Ruth Richardson pushed Fiscal Responsibility and as part of her legacy we have the Fiscal Responsibility Act, meaning that all policies are measured for their financial implications.
This hasn’t always worked brilliantly. It’s pushed Treasury to the fore, and their required predictions aren’t always very close to the mark. So the 2010 ‘revenue neutral’ tax cuts – shored up by a bit of Treasury ‘growth’ magic – have in reality cost us over $1 billion in their first year, and created a hole in the accounts worth about 2% of GDP. Even when Treasury does say something doesn’t make economic sense – like National’s proposed sale of our energy companies – it doesn’t actually stop the government proceeding.
But the Fiscal Responsibility Act does mean there’s a constant watch on the price of things – if not necessarily the value of them. We see the effect on the tax take, the government accounts and on GDP (I’d prefer GDP per capita for a start, so population growth doesn’t distort the figures, or ideally some measure that valued voluntary work, but that’s an argument for another day…).
But money isn’t everything. As the Dalai Lama says: “The purpose of our lives is to be happy”, and as the Beatles say: “Money can’t buy you love” (although, as one wag puts it, it does allow you to be miserable in comfort).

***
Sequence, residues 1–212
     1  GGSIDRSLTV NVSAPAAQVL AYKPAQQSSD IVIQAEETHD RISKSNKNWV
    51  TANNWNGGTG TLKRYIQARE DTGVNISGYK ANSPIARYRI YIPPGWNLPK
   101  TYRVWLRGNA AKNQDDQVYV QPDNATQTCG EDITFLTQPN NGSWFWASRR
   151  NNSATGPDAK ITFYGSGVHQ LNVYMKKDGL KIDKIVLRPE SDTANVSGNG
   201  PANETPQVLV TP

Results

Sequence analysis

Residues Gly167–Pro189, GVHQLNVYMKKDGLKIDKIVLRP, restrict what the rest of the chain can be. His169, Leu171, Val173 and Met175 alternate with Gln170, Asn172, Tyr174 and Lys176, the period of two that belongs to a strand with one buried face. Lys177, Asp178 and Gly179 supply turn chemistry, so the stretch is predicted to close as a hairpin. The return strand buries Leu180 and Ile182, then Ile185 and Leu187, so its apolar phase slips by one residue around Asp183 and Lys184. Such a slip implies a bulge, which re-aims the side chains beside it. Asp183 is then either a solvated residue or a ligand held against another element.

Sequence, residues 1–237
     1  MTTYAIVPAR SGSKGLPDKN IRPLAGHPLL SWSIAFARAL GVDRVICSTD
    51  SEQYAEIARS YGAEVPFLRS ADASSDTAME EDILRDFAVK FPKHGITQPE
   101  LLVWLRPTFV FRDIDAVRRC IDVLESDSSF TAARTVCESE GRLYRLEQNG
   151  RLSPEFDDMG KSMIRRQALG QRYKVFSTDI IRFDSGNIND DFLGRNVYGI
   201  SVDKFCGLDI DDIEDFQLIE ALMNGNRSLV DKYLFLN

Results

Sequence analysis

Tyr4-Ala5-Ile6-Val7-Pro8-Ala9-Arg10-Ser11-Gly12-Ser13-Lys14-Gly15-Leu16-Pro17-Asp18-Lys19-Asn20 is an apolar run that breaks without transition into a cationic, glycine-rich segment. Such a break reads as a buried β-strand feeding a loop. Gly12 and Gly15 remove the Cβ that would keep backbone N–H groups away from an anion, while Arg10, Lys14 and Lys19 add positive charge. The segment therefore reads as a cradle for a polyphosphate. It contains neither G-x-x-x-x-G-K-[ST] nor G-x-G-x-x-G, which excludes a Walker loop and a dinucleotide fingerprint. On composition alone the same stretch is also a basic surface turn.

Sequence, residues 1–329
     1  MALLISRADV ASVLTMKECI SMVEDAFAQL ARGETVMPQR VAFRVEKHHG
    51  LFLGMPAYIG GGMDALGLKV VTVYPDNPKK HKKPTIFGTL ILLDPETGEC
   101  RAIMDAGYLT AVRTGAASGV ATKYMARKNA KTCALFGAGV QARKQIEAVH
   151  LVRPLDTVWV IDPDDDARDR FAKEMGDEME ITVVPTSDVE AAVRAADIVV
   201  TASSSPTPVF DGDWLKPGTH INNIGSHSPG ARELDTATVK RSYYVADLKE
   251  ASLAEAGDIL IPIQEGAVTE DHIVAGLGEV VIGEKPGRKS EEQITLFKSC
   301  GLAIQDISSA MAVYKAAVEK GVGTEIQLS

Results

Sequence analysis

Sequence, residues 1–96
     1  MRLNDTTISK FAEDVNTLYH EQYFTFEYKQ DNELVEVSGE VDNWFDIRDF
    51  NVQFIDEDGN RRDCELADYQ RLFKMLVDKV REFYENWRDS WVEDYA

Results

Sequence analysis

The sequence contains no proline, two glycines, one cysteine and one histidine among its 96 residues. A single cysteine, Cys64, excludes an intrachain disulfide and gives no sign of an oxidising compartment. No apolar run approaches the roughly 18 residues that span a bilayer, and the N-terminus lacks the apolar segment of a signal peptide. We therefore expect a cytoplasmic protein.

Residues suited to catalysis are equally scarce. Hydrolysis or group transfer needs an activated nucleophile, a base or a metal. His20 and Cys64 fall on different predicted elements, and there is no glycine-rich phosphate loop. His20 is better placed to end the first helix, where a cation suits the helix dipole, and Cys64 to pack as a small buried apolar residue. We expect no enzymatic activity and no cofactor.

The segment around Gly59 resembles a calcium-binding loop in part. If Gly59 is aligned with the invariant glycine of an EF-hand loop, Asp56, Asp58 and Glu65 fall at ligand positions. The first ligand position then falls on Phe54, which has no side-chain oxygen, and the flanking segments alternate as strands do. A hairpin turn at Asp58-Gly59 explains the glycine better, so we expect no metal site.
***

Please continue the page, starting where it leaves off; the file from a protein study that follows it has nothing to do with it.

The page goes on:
As a society, it’s all very nice if the government aims to make us all rich, but what would that really achieve?
So I’d like a second Act: the Social Responsibility Act, beefing up the Ministry for Social Development as it evaluates whether each piece of legislation actually works for society. Makes us happier, improves societal cohesion, improves the actual lives of all our country’s citizens.
Bhutan was the first and has gone the furthest on happiness – they’ve replaced GDP with Gross National Happiness as their primary measure of society. But even Britain is measuring happiness now, so that they can track progress on this as well. Some might dislike measuring such an amorphous social science; but, if something’s important, it doesn’t matter if it’s difficult to measure (and it’s not exactly like economics isn’t ‘the dismal science’…)
But there’s a third problem too. It’s great if the government’s books are balanced and the current generation is happy – but what if there’s nothing to hand over to the next?
So we need a third act: the Environmental Responsibility Act, beefing up the Ministry for the Environment to evaluate each policy’s environmental sustainability.
Fiscal responsibility has resulted in decreased public debt, leaving our books in a good state internationally. If we engaged in Social responsibility we’d likely end up with increased equality and a happier, healthier nation. Environmental responsibility might make us truly green, as an example to the world of what needs to be done for our own survival.
If each government policy had to be sized up against these three measures before proceeding I think we’d end up with much better laws, much better policies and a much better country. What do you think?